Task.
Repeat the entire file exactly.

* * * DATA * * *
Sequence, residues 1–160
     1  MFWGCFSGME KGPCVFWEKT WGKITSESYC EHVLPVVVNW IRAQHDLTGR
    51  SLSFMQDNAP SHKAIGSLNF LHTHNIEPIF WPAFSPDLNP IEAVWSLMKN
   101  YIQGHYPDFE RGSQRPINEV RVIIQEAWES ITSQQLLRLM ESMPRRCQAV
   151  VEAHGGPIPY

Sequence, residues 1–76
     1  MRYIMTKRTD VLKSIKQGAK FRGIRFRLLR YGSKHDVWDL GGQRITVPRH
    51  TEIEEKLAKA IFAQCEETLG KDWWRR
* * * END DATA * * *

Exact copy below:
Sequence, residues 1–160
     1  MFWGCFSGME KGPCVFWEKT WGKITSESYC EHVLPVVVNW IRAQHDLTGR
    51  SLSFMQDNAP SHKAIGSLNF LHTHNIEPIF WPAFSPDLNP IEAVWSLMKN
   101  YIQGHYPDFE RGSQRPINEV RVIIQEAWES ITSQQLLRLM ESMPRRCQAV
   151  VEAHGGPIPY

Sequence, residues 1–76
     1  MRYIMTKRTD VLKSIKQGAK FRGIRFRLLR YGSKHDVWDL GGQRITVPRH
    51  TEIEEKLAKA IFAQCEETLG KDWWRR